From September 2 through September 31, an amateur theatre festival is being held just outside of Voronezh, in the same village where the sister of the great director and teacher Konstantin Stanislavsky set up the first theatre for peasants in Russia 116 years ago.
“You’ll find the community center where the tarmac stops,”—these were the directions given to the festival stage in the village of Nikolsky. The tarmac was more or less intact near the community center, but the houses opposite must have been boarded up for quite some time. The village had fewer than 50 permanent residents. The old are dying out, while the young are moving to areas where they can find work, shops, schools, hospitals, gas pipelines and mobile phone reception — all things lacking in Nikolsky. The festival audiences were made up of people from surrounding villages and “rooted” to this land. Amateur theatres in Voronezh Region brought in youth-filled support groups to the festival.
Elderly audience members dressed in shawls and jackets had been in their seats since morning, chatting about mutual acquaintances and cucumber yields before the first curtain came up. A one-legged old man hobbled in. He lived on the adjacent street (there are two of them in Nikolsky — the first is Stanislavsky Street, the other Zelenaya Street) and had not found time to visit the community center for the past eighteen months.
For the rural audience, the highlight of the show was a performance of poems written by Kolya Shalyganov, the poor, local, ill-fated orphan who died in a hospital in the mid-20th century. After he was buried by strangers, a discovery was made: a notebook full of writings found under his pillow. His poems were published a few years later — Kolya’s only stroke of good luck. On stage, the poems were interspersed with folk songs, ditties and everyday dialogues. While Kolya recited up front, the women at the back of the stage were wiping away tears of sympathy.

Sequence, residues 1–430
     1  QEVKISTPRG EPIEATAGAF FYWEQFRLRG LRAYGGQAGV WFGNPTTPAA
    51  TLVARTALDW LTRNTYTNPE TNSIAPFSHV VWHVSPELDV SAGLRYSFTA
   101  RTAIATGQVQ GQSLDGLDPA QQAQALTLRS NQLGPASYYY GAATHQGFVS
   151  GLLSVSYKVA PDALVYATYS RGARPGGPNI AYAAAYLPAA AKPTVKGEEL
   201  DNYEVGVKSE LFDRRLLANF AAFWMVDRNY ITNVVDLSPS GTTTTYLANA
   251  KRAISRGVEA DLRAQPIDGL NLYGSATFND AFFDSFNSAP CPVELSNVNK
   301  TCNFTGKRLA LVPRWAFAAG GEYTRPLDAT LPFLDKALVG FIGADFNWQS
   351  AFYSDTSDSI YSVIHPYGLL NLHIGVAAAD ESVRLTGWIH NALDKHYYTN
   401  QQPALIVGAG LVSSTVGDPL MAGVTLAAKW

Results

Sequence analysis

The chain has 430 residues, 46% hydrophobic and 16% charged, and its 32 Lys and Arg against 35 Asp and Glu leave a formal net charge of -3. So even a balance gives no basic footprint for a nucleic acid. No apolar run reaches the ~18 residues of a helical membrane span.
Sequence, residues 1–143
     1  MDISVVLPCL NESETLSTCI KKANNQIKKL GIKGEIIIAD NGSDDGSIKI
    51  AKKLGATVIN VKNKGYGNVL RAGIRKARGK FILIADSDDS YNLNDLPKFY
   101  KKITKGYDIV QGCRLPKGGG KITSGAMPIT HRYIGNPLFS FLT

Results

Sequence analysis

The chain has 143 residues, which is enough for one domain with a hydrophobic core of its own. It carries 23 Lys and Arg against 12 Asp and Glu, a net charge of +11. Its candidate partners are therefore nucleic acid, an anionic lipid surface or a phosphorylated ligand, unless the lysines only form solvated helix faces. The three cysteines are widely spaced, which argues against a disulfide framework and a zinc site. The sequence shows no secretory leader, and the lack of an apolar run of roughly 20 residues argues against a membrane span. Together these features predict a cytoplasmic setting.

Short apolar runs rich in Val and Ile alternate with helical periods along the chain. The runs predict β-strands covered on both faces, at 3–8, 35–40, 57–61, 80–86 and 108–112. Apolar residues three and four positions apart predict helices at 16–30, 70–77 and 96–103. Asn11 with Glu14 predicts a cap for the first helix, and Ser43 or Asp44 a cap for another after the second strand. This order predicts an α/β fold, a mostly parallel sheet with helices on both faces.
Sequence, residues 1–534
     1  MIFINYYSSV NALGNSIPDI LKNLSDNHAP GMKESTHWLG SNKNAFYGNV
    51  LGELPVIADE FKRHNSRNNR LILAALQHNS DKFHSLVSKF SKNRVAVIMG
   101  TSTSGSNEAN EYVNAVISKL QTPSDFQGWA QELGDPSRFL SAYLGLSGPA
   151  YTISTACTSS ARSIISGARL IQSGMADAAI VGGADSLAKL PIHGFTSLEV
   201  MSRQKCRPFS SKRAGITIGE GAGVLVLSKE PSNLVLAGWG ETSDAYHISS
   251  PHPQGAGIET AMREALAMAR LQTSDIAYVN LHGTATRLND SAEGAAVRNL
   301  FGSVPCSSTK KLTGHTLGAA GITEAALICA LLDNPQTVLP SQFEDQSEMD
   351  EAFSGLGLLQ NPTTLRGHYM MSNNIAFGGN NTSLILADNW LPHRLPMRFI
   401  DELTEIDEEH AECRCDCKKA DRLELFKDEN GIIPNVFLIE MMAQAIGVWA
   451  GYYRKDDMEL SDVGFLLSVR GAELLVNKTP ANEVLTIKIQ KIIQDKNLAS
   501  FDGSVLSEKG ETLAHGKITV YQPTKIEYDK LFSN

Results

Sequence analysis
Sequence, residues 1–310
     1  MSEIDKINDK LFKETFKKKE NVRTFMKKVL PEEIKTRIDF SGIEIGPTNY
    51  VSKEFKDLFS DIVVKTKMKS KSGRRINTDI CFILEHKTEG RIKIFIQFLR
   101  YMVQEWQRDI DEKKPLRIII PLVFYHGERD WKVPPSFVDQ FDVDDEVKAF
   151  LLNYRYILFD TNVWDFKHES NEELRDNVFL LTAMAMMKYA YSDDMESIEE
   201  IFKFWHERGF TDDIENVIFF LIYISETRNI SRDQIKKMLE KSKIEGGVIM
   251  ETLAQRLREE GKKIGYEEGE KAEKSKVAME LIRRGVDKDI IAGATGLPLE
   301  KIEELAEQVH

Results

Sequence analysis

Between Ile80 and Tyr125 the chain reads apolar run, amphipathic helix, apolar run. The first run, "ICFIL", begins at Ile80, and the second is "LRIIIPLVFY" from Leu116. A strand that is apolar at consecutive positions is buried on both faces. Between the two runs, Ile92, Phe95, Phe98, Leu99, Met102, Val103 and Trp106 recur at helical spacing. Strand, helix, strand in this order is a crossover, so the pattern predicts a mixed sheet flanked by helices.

“I prayed I wouldn’t cry when singing the lullaby to him!” confessed Kolya’s “mother” Valentina Barlukova. “During rehearsals, I would look at the audience and see the director’s cheeks wet with tears. And I couldn’t carry on!”
The actors of the Nikolsky Theatre adhered strictly to the Stanislavsky System, by living rather than depicting the lives of the characters. The audience members were swept away by it all. When actresses sang the famous song Dark Is The Night (originally performed in a Soviet film), the entire audience joined in.
The man who played the drunken tractor driver looked so convincing it was hard to believe it was really an act. “Alesha is an exceptional guy,” said Director Svetlana Sukocheva. “I love him, and I stand up for him. When he drinks everyone reproaches me. But so what if he’s a hard drinker! He’ll sober up and do everything you ask of him! He knows how to knit, sew, spin and weave baskets…and, by the way, he’s not drinking at the moment.”
Many audience members also appeared on stage, at one point or another. In Nikolsky, there is an artist in every family. After all, as in other villages, the community center has always been the local hub.
“I’ve played in the theatre for 10 years. Every spare minute is taken up with rehearsals! Sometimes, just before going on stage, I’ve had to run off to see a patient, give an injection. And they never started the performance without me! We’ve acted in other villages too,” said former nurse Raisa Shishkina.
The festival in Nikolsky takes place every other year and has been running since 1994. On opening day, it is a tradition to remember the Sokolovs: intellectuals and doctors to whom the villagers owe their love of theatre. The houses the family built to replace the old burnt-out huts are still standing. The Sokolov’s country estate is now home to a museum displaying genuine items that belonged to the family, such as a painting by Vasnetsov, a portrait of Chekhov with his signature, and photographs with Stanislavsky. Here clothing and utensils of peasants taught and treated by the Sokolovs can also be seen. And, of course, the museum also features costumes made for folk performances.